How I Got My Art Job: Frieze Artistic Director Loring Randolph on How Asking Smart Questions Got Her in the Door
Plus, how Randolph plans to shake up the fair.
From fabricators to mummy conservators to private collection managers, the art world is full of fascinating jobs you may not have realized even existed. In artnet News’s column “How I Got My Art Job,” we delve into these enviable art-world occupations, asking insiders to share their career path and advice for others who wish to follow in their footsteps.
This week, we spoke with Loring Randolph, artistic director of the Americas for Frieze Art Fairs since October 2017.
Education: I did an art history degree and a BFA in graphic design, both at at the University of Michigan, and my masters through Sotheby’s Institute of Art in London.
Seeking out a career in the arts: I really wanted to work in the art world, but I grew up in a very small town in Michigan called Saugatuck. They had a wonderful regional art scene, home to the Art Institute in Chicago’s summer program, Ox-Bow, but it was not an international center.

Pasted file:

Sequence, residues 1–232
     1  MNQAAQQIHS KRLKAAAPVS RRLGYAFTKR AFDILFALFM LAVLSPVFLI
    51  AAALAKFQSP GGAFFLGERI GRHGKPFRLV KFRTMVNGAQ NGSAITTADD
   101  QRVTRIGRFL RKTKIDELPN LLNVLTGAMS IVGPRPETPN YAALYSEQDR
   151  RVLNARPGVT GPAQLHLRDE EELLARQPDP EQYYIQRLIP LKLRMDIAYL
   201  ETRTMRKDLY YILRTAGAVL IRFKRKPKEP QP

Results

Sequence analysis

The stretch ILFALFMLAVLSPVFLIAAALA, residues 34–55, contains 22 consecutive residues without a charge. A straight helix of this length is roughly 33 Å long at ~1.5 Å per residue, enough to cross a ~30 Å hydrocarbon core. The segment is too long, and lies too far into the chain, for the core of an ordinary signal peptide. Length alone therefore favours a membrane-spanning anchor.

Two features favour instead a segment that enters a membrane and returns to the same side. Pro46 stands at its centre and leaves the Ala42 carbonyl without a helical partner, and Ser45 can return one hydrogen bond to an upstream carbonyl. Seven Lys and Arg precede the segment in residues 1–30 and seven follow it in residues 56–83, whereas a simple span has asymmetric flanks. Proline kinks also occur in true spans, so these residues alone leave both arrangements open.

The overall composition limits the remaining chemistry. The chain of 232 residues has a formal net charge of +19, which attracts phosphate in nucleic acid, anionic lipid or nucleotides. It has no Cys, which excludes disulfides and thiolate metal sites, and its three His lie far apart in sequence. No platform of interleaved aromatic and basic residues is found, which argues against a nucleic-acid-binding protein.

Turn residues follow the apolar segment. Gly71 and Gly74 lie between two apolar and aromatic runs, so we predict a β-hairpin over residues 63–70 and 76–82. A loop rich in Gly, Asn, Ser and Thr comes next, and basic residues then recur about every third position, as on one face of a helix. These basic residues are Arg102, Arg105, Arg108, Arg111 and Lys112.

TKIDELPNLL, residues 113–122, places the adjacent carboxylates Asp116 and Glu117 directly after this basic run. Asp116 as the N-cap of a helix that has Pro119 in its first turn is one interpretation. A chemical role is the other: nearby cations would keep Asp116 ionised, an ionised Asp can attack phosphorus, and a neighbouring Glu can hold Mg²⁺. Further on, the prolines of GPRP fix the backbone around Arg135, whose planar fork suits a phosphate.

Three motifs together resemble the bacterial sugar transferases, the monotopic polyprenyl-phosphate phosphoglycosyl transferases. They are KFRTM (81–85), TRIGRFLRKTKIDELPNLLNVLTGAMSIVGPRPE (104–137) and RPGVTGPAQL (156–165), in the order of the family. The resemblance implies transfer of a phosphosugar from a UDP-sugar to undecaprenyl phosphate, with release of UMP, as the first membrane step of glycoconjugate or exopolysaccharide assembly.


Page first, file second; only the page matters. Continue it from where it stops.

I was desperate as a young art student to move to New York or London. I got a brochure in the mail one day from the Sotheby’s Institute program, applied, and ending up going.
Entering the workforce: At the Sotheby’s Institute, I wrote my thesis on the contemporary art market, and I interviewed a lot of gallery people. That was how I got my first job, by interviewing Faye Fleming, the curator at Timothy Taylor. She liked the kinds of questions I was asking, and she hired me as an intern. I worked with her on the Richard Patterson show and a few other projects, and then they offered me a job after my internship was over.